"a cabaret approach to storytelling…a cabinet of curiosities" 4/5 INDEPENDENT ON SUNDAY
"a manner of modernised Music Hall, awash with ukelele and melodica" 4/5 THE FINANCIAL TIMES
"an entertaining and often moving show that opens a new chapter in her creative story" 4/5 THE GUARDIAN
"an audacious, sometimes riotous sound to frequently thrill to" MARLBANK
"In its lovingly-produced completeness, this album is a work of art" CRY ME A TORCH SONG


Tour dates
May
23rd - 26th: Sea Cabinet Album Launch Extravaganza, London, Wiltons Music Hall – http://wiltons.org.uk/event.php?p=573
June
12th - Gateshead, The Sage - http://thesagegateshead.org/event/gwyneth-herbert/
14th - Altrincham, Cinnamon Club - https://www.quaytickets.com/cinnamon/Online/default.asp
15th - Wiltshire, The Wiltshire Jazz Festival -
“Sparky, imaginative writing.  A series of twilight characters is unveiled in melodic, acoustic arrangements, full of shifting textures and moods,  Her singing is classy throughout…”  Mojo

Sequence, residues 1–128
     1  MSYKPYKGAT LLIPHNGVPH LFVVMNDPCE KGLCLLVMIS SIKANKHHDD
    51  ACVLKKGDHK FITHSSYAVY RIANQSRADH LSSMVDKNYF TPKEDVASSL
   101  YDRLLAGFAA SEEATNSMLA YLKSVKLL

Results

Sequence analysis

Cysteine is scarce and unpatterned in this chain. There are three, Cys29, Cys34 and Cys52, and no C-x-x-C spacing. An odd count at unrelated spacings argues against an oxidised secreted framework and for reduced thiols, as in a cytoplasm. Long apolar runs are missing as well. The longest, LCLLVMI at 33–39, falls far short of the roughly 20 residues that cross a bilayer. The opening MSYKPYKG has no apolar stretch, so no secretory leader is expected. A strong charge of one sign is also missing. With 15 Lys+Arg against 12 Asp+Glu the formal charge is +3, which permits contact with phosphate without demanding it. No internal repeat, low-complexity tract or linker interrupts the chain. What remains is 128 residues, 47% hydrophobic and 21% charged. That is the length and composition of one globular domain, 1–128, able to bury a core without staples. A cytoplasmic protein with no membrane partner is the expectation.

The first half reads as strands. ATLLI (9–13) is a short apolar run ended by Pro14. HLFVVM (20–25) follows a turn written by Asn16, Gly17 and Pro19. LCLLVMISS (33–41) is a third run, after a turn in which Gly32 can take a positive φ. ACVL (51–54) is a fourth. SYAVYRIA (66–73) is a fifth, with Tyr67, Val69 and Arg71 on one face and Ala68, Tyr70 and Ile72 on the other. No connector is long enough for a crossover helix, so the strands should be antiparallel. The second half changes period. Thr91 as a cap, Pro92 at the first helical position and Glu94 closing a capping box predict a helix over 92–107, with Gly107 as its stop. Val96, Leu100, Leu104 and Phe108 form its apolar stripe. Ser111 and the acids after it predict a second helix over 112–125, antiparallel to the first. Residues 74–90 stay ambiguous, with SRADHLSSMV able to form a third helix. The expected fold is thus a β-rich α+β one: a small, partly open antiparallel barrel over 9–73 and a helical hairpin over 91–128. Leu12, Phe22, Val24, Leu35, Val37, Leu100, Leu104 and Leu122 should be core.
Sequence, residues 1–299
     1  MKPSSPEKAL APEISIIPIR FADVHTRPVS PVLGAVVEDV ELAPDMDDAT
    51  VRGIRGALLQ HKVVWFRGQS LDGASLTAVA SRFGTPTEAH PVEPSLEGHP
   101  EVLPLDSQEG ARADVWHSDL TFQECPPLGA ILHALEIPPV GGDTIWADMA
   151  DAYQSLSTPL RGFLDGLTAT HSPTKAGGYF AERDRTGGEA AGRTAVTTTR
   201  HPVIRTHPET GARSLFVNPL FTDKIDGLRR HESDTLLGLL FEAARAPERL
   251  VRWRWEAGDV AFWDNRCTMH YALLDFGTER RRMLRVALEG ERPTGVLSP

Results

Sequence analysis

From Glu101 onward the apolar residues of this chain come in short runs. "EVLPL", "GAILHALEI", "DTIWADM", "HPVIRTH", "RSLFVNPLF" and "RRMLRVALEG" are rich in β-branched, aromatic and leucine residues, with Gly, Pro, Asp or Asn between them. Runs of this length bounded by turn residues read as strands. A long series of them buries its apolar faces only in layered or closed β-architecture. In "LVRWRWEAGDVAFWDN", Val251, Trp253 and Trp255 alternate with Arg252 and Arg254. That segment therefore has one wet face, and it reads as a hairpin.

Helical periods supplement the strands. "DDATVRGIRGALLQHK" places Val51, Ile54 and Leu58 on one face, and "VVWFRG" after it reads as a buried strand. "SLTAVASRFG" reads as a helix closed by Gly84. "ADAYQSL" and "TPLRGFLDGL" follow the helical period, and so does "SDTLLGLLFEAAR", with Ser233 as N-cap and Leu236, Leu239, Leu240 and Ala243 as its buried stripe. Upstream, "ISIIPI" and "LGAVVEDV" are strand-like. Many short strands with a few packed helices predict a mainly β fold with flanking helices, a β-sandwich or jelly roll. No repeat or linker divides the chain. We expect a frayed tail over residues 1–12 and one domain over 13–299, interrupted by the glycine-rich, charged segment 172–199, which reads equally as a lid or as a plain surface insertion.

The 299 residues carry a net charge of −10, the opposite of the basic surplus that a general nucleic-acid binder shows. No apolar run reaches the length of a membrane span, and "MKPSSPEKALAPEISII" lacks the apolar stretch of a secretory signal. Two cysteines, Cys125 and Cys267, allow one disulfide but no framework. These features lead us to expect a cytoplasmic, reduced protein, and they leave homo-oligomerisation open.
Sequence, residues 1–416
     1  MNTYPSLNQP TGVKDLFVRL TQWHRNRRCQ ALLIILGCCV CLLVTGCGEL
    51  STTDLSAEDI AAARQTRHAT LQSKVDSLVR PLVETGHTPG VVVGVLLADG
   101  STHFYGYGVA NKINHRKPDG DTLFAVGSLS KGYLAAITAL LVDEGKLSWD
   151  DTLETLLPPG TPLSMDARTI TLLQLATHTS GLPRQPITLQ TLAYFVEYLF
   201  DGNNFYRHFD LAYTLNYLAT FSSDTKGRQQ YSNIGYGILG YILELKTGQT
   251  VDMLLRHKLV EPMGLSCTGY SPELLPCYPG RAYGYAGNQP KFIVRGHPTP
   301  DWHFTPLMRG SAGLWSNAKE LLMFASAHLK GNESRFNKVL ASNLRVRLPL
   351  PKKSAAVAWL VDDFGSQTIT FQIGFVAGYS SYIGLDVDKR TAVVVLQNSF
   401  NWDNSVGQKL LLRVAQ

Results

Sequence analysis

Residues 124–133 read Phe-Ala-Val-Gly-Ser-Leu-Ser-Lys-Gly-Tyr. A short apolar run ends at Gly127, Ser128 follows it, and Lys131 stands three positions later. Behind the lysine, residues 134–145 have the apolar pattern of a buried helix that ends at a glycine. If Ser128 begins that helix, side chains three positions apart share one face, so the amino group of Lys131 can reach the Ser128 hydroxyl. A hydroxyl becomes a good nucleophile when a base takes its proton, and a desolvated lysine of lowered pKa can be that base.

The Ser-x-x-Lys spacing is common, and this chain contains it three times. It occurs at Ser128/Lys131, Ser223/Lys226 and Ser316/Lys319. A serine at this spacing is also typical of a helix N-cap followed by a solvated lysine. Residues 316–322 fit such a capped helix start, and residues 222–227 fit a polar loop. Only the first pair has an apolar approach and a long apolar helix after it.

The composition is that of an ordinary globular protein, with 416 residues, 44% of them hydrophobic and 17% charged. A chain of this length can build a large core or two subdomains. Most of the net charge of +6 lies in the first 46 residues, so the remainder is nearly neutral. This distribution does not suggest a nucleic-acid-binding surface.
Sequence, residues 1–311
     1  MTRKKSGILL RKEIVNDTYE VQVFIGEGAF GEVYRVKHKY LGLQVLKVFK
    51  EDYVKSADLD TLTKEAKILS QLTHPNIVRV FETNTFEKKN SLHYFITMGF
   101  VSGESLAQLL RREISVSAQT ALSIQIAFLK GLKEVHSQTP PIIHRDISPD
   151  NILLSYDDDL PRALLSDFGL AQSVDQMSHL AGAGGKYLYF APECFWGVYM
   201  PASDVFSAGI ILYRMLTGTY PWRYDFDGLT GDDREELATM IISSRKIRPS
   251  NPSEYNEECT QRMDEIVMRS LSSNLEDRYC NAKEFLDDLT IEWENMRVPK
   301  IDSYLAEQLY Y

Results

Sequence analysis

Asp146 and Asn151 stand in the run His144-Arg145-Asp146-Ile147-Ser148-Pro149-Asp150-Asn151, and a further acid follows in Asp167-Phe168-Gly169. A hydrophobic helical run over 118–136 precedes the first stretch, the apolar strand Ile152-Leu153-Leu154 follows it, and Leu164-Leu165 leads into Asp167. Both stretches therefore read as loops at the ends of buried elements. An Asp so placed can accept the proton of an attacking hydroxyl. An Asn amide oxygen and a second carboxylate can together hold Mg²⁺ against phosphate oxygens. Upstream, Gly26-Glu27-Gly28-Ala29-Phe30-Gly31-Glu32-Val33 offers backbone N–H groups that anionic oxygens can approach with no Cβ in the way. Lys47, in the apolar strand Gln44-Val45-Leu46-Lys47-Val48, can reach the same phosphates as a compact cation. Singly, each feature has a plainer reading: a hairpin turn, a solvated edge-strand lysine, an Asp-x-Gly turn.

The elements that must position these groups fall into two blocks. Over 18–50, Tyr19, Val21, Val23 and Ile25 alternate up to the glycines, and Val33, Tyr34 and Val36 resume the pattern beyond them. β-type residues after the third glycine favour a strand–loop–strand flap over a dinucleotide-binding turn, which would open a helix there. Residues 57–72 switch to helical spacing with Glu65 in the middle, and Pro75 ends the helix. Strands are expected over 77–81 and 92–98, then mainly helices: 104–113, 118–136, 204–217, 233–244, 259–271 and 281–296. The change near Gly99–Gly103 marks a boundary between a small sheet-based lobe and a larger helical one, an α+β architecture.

“’All The Ghosts’ is the assertion of a highly personal musical voice, with shifting metres, contrasting backgrounds, and lyrics that actually mean something.” **** Jazzwise
 "There's a lovely sense of britishness about this girl, not only is she a talent vocally but a strong songstress too." 8/10 Blues & Soul
“Herbert’s most varied and engaging piece of personal storytelling yet.”  **** The Guardian 
 “Beautiful, vaguely jazzy, keenly observed vignettes… super-talented” **** The Daily Telegraph
“Herbert remains tricky to categorise but fantastically easy to warm to.” **** Metro
 "Builds on the charming, lo-fi, folk-pop of her lauded  'Between Me And The Wardrobe’ - plenty of memorable hooks and witty one-liners."  Time Out